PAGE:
Another reason I never tired of these side missions and objectives is because of how much fun it is just to be and play as Spider-Man. While shooting webs to swing throughout the city is just as enjoyable as it was in the first game, all of Spider-Man’s traversal abilities have an added depth in Miles Morales that Peter Parker’s adventure lacked. For pretty much every ability you can imagine, there are benchmark challenges that can be tracked and met. Whether it’s just diving off a building in free fall or simply swinging around the city to marvel (pun intended) at its beauty, virtually every minute spent playing this game is either advancing the story or making progress toward some of these challenges in the game. This system feels similar to playing skateboarding games like the Tony Hawk Pro Skater series where all the different moves you can perform are all constantly earning points and adding to your score, making every second you spend in this game feel valuable and worthwhile.
One of the most significant aspects of this game that truly make it feel like its own adventure worthy of the Spider-Man name is the new combat abilities available to Miles. Gaining some of these abilities early in the game, Miles has a variety of venom-infused attacks that power up and allow for additional uses as you progress throughout the story. One of the most satisfying is the venom punch, which can be used to send even the most powerful brutes slamming into the wall. Of course, like any overpowering ability, there is always a cooldown time until it can be used again, but it still provides an added layer of depth and complexity to the combat system beyond the more traditional combat of the original game.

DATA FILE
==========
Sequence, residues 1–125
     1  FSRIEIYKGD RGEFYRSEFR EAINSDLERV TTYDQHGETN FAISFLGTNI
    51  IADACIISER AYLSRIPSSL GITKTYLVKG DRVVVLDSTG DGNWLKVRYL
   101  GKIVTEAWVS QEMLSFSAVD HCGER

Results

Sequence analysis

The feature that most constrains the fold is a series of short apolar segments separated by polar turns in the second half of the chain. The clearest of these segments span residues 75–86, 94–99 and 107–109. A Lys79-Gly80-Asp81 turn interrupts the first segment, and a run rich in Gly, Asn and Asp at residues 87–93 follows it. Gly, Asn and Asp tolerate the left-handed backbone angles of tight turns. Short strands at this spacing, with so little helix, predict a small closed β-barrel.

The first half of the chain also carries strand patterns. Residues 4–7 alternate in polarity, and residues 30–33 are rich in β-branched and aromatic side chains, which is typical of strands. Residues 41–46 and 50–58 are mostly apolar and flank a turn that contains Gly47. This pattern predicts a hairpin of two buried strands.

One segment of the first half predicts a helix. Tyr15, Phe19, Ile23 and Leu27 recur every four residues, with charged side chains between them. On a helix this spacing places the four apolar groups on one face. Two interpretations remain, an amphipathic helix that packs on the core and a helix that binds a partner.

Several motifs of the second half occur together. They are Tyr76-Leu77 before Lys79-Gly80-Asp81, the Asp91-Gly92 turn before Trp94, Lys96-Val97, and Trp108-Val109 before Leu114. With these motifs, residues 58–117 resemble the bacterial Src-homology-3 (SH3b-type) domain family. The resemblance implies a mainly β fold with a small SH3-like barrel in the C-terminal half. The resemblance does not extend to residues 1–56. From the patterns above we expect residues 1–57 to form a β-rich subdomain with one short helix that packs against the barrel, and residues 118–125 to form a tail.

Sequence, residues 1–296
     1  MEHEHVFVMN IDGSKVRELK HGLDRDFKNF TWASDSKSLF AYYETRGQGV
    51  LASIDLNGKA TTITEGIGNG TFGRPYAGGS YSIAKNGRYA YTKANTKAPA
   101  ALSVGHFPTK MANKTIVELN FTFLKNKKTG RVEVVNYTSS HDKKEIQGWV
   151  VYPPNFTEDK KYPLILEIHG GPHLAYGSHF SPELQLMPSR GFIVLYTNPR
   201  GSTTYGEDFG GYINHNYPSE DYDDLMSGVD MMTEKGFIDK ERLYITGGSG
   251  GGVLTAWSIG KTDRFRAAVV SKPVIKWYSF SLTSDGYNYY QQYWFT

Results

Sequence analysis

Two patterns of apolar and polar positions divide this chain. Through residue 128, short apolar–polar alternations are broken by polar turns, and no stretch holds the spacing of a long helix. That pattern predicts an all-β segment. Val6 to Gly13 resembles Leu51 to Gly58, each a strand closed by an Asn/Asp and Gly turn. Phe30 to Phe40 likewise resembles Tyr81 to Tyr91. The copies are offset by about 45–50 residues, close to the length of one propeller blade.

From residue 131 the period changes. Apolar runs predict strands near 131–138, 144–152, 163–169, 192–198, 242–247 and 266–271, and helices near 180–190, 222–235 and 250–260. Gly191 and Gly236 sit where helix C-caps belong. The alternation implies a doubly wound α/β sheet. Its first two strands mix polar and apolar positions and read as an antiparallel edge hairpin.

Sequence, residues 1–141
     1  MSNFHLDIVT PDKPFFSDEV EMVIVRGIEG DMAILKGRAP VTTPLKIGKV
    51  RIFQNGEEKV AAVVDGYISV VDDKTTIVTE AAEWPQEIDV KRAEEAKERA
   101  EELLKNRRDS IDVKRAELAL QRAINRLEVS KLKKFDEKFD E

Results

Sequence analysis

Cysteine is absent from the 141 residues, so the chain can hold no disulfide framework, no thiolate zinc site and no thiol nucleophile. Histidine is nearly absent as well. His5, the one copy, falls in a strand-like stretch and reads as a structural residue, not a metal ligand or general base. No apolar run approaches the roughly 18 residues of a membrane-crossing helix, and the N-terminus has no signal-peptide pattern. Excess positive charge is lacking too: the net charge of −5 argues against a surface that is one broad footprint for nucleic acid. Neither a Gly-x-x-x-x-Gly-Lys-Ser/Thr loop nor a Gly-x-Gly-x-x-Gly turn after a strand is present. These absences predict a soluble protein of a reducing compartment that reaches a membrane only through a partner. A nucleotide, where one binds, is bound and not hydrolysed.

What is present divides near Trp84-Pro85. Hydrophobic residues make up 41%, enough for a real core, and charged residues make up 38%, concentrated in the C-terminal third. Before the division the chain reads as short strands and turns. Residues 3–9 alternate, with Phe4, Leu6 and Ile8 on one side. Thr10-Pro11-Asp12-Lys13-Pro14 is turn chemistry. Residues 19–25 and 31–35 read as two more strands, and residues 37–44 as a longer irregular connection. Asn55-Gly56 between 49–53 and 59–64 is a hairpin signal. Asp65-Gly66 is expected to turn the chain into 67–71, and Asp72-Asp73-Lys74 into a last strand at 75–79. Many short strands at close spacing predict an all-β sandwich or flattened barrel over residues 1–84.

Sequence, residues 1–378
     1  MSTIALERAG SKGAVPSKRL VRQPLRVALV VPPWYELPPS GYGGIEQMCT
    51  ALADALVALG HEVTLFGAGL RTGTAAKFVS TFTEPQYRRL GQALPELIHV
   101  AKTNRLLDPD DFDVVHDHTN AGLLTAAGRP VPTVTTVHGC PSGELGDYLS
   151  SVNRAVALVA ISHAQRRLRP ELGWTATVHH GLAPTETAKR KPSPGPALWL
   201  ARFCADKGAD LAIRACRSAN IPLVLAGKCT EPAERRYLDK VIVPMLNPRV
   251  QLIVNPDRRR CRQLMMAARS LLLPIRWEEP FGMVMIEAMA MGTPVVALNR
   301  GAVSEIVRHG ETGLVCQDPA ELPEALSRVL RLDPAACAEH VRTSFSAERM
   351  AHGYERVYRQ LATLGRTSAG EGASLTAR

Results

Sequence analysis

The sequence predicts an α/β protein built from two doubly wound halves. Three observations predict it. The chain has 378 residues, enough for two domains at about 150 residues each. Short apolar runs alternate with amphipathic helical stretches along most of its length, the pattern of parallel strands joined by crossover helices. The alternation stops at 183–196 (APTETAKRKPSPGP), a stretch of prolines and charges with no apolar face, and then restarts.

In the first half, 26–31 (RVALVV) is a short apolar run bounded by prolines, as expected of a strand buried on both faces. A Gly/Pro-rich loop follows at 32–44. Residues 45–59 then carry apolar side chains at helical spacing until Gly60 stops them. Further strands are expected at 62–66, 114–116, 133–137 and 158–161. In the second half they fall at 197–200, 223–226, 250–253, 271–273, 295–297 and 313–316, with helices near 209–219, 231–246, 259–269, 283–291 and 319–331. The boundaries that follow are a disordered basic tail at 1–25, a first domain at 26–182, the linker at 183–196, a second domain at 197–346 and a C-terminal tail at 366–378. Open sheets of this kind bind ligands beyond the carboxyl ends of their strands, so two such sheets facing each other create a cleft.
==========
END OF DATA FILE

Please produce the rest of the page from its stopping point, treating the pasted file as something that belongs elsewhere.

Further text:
Another important ability that Miles gains that are a game changer in combat are the cloaking ability that allows Miles to become invisible. Being able to turn invisible to confuse enemies takes much of the frustration out of some of the stealth combat missions. While most (if not all) of the time these encounters are stealth optional anyway, those seeking to take their enemies out from the shadows won’t need to worry about needing to run into haystacks or crowds of people (like certain other stealth games) or even worse, needing to restart from the nearest checkpoint. Rather, a simple press of up on the d-pad will turn you invisible and provide you with an opportunity to escape to the rafters until they finally decide to stop looking for you. As much as I loved the additional combat moves that the venom powers give you, I almost always chose the stealth options whenever possible. One particular mission a few hours into the main narrative places you in a cylindrical room with two or three floors of enemies that is a master class in methodical stealth combat, as you slowly can pick off and use sneak takedowns on each of the enemies as you make your way to the bottom floor.